We Are Our Own Worst Enemy. Jordan Peele’s second horror outing is, much like the film’s doppelgänger themes, a Janus film indeed. A disturbing and separating film that will divide audiences. After Peele’s Oscar-winning Get Out turned into the surprise critical and commercial hit of 2017, expectations and hopes were high for his next horror venture. Rest assured, Peele’s flair for the thrill was no fluke. His sophomore feature is one of the most intriguing and cleverly original horror films… ever. While it will continue to divide audiences regarding both its merit and narrative, one simply cannot dismiss this spookfest as a frightening innovative thriller, irrespective of all its irregularity and confusion.
Haunted by an unexplainable trauma from her past and concerned by a string of eerie coincidences, Adelaide (a spine-tingling spectacular Lupita Nyong’o) feels her paranoia explode as she grows increasingly certain that something bad is going to befall her family. After the family return to their vacation home, the Wilsons discover the silhouette of four figures holding hands as they stand in the driveway. Us pits an endearing American family against a terrifying and uncanny opponent: doppelgängers of themselves.
Us is a mixture of George Orwell’s 1984 and Funny Games – part home-invasion thriller, part ambitious modern mythology with a science fiction construct. Written, directed and produced by Peele; his duality picture feels more robust and confident then Get Out, however one gets the sense that he is only half way to creating his unique style; as Us suffers from an over use of classic horror tropes. While Get Out shovelled a barely ‘sub’ sub-text of racial politics in modern America, Us has the same heavy handed agenda peddling but instead the theme is more common with a meditation on nefarious governmental ideologies and a ‘perverted’ ideal of the All American family. Peele’s script is both funny and weighty.
Like The Shining, there are a number of different ways to interpret the films proceedings that will subsequently cause much discussion. However, for those that can keep up through the vast mess it’s pretty cut-and-dry, though Peele’s film will likely reward audiences on multiple viewings, each visit revealing something new. Every image seems to be a clue, the first frames marry eerily well with the film’s final moments. The camera composition, the score, the eerie sense of unease all amounts to one of the slickest and most promising horror opening scenes in recent memory. Followed by a mesmerizing title credits sequence that utterly possesses the viewer (why are white rabbits so scary?), however after this the film struggles to keep up with its promise of true terror.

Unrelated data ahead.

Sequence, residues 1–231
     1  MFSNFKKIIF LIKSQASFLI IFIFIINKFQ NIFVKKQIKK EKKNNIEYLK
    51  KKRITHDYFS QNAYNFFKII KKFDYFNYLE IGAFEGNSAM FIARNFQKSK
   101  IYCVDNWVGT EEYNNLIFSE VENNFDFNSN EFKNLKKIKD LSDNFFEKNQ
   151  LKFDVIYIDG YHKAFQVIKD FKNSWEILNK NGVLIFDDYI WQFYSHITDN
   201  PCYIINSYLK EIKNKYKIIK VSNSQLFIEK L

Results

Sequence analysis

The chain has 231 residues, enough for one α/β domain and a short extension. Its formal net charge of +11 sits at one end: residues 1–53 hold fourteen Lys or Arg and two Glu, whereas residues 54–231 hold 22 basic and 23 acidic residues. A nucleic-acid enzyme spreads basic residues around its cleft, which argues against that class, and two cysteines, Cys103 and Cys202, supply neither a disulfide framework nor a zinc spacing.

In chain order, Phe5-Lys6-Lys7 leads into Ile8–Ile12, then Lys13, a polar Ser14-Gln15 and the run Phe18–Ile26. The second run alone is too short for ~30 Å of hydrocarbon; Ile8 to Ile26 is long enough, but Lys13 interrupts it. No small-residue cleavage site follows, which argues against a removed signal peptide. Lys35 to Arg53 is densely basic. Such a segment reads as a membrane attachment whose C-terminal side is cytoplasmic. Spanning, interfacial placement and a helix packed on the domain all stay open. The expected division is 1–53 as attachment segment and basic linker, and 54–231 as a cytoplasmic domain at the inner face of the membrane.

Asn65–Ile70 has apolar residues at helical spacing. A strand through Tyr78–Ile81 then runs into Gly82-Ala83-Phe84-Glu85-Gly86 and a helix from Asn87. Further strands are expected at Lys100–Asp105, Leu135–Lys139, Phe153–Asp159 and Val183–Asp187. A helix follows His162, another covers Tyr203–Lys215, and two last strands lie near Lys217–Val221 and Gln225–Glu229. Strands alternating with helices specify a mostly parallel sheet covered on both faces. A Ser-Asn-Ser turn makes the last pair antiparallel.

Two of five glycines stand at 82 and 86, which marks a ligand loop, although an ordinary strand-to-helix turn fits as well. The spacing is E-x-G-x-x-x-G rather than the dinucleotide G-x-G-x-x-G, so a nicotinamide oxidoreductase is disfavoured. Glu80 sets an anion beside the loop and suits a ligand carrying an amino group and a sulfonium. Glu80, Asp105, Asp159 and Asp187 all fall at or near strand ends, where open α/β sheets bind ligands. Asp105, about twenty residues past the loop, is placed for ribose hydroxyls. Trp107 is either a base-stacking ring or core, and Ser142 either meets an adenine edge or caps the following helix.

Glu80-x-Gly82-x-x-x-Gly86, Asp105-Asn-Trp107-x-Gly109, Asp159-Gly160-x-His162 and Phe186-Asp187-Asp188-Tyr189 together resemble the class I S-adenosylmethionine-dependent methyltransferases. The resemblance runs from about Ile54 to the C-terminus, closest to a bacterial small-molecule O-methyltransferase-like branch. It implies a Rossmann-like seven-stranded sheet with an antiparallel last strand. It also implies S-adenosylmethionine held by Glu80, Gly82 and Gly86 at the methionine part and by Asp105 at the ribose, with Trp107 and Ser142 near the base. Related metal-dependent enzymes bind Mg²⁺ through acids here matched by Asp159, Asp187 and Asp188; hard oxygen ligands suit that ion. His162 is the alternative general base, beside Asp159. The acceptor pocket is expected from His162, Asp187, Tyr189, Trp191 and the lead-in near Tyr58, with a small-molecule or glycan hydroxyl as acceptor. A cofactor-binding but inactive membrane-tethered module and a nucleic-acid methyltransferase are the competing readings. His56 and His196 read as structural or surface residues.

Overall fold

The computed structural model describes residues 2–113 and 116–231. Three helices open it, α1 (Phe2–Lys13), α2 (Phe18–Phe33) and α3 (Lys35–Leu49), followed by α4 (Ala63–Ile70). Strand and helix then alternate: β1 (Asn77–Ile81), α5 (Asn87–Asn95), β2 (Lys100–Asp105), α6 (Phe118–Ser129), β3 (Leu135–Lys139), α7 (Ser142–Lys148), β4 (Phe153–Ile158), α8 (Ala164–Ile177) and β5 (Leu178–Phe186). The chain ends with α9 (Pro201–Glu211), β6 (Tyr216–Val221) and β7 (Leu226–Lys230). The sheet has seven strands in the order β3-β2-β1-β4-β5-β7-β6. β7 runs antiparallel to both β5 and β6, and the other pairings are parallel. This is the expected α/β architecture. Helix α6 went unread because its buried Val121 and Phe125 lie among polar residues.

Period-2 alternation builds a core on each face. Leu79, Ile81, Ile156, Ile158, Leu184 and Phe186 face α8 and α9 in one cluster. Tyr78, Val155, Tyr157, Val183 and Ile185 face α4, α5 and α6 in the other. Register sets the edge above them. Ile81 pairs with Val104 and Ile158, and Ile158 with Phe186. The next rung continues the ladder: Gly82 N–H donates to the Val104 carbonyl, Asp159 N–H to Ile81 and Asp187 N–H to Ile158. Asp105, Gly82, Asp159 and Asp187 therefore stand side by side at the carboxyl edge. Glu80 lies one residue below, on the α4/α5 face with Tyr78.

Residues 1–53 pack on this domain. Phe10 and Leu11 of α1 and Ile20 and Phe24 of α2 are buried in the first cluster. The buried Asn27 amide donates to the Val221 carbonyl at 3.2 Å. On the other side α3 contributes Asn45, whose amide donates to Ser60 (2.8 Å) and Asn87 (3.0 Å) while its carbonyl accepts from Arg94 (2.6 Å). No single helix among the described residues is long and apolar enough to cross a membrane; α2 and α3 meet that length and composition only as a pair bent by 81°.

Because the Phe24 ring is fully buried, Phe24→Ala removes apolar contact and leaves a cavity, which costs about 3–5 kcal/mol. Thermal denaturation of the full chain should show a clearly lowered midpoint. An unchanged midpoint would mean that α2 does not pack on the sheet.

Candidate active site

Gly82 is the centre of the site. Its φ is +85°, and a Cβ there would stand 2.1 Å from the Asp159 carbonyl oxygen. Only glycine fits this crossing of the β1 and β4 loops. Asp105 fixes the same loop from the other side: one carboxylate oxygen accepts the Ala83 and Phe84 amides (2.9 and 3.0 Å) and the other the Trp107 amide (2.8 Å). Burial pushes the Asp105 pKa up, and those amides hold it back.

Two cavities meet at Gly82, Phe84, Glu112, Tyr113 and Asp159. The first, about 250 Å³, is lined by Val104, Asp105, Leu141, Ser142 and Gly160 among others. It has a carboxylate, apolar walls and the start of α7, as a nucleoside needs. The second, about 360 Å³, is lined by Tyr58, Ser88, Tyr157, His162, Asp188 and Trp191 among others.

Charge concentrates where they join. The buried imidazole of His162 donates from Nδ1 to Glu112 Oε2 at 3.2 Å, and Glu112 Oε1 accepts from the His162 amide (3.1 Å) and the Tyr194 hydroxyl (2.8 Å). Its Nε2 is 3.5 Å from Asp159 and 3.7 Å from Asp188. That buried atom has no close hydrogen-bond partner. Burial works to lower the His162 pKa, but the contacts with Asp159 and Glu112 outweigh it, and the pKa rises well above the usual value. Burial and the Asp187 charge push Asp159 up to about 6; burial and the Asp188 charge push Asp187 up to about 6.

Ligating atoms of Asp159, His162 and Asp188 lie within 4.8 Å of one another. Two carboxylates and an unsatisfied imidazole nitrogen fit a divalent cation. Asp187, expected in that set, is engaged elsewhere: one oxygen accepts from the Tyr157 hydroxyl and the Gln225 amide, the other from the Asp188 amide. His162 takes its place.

The performances are great across the board, with each of the lead actors playing their own creepy copies with marvellous physicality. However, its Lupita Nyong’o who gives an Oscar calibre performance that leaves one as breathless as her; a physical, vocal, and emotional performance that is an achievement on another level. Her evil doppelgänger is a nightmarish creation of a truly talented and creative actress. Astounding. As the ‘good’ Adelaide is forced to kill you see her eyes change… and as the two face off and the nature of their bond becomes more evident, we are treated with a pleasurable, if a little obvious, twist. After Essie Davis in The Babadook (2014) and more notably Toni Collette in last year’s Hereditary (2018), great female horror performances are certainly the trend.
The biggest letdown of the film is that Peele doesn’t quiet mine the rich psychological terror of the central visual image/moment. The notion of a family of evil doppelgängers’ attempting to violently usurp their doubles could have been explored more. This is unfortunate because when Peele fleetingly does dig into that unnatural terror, boy is it scary. Us is an innovative and original thriller anchored by Lupita Nyong’o, Peele has crafted a thought-provoking scare fest that despite what people say, is not as scary as one is led to believe. Peele is fast becoming a Master of Modern Horror. Alfred Hitchcock also had to start somewhere.
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